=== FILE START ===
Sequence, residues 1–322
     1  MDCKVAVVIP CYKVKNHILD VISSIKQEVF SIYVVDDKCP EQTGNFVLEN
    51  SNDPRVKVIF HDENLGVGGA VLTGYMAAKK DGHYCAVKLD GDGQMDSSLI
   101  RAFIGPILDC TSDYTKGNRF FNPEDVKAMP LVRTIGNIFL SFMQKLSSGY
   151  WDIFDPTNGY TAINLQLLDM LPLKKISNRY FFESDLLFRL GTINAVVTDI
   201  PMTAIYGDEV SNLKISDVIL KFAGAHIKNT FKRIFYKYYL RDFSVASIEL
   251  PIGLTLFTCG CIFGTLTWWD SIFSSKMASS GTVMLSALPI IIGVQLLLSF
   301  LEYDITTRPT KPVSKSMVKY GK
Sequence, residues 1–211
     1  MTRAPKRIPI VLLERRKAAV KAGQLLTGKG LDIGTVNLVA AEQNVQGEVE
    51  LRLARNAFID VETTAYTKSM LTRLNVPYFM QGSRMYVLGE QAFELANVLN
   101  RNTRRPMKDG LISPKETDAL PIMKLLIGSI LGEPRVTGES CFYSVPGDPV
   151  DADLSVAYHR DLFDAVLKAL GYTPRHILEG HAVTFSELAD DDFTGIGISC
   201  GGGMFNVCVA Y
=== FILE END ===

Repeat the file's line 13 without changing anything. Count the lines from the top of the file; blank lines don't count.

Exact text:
   151  DADLSVAYHR DLFDAVLKAL GYTPRHILEG HAVTFSELAD DDFTGIGISC